South Korea's outstanding state and special bonds grew at the fastest rate in four years in 2019, largely due to government efforts to make up for a cut in tax revenues, data showed Friday.
The outstanding amount of bonds and debt issued by public institutions rose 5.3 percent from a year earlier to 1,020.4 trillion won ($879.7 billion), according to the data from Koscom Corp., the system manager of the South Korean bourse operator, Korea Exchange.
By type, the Asia's fourth-largest economy net issued state bonds worth 47.7 trillion won last year, twice as much a year earlier.
Public institutions net issued special bonds worth about 3.8 trillion won. Special bonds are indirectly guaranteed by the government and must be redeemed with tax revenues.
Koscom said the amount of state and special bonds expanded rapidly because the government issued more bonds to support the sagging economy in the face of dwindling tax revenues.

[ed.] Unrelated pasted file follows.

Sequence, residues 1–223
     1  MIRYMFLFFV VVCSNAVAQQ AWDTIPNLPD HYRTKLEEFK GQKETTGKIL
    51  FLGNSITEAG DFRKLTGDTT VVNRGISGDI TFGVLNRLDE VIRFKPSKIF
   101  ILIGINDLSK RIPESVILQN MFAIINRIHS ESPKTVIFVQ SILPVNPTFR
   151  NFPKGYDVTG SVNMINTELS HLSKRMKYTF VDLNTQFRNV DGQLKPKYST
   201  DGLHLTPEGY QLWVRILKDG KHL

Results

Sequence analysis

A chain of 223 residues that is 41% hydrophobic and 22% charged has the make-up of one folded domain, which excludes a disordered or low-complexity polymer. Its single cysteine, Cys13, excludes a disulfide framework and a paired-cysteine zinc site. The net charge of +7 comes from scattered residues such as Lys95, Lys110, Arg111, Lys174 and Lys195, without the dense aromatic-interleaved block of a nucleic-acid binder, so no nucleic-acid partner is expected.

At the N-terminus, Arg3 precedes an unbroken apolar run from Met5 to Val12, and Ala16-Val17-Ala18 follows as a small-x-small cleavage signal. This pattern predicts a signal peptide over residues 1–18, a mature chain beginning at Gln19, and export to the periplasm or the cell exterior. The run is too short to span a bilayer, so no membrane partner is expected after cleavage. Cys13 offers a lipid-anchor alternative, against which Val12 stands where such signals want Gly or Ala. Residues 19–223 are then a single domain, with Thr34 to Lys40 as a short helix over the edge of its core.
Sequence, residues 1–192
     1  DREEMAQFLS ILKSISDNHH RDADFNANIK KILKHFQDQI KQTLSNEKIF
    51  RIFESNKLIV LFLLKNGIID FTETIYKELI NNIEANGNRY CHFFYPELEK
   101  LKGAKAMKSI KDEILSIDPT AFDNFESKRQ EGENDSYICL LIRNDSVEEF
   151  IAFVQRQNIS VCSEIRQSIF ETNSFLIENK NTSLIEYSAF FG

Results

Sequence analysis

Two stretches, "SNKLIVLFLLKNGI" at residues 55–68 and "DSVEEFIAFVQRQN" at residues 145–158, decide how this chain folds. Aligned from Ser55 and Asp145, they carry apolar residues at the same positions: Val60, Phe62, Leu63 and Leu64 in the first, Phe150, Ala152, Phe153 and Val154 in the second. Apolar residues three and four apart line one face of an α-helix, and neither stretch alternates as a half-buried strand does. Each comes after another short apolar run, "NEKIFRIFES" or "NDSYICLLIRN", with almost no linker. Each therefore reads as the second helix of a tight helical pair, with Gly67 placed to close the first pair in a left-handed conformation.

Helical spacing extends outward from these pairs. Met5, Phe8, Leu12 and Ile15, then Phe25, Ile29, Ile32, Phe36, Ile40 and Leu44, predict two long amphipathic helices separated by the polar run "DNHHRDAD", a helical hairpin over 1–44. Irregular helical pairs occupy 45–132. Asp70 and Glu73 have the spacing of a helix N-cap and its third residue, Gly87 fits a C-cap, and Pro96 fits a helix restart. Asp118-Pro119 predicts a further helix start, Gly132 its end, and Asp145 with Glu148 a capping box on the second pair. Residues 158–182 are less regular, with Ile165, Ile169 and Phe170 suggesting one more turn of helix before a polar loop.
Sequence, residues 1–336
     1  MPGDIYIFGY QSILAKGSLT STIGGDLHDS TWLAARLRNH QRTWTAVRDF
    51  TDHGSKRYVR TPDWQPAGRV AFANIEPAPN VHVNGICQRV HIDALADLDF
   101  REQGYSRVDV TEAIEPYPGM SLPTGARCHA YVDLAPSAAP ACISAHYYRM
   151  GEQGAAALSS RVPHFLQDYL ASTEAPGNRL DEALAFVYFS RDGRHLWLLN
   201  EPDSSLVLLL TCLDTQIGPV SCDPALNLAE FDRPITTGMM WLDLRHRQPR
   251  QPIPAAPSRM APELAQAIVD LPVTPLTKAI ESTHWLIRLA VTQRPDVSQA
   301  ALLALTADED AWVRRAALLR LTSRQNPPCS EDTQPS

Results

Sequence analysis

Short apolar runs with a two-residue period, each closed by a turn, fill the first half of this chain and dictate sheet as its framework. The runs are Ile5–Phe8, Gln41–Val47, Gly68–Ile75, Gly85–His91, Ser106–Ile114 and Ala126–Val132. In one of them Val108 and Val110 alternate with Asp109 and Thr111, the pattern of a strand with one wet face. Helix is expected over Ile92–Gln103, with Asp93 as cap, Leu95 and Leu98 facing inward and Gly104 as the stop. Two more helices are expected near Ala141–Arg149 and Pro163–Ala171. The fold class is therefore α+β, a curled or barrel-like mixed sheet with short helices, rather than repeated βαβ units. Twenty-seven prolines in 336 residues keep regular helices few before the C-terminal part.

South Korea's state tax income reached 276.6 trillion won in the first 11 months of last year, down 3.3 trillion won from the same period a year earlier, according to data from the finance ministry.
Throughout the year, uncertainties triggered by Sino-American trade tussle, coupled with falling chip prices, sapped global demand.
According to the trade ministry, South Korean exports fell 10.3 percent on-year in 2019 after a record high performance the year before. (Yonhap)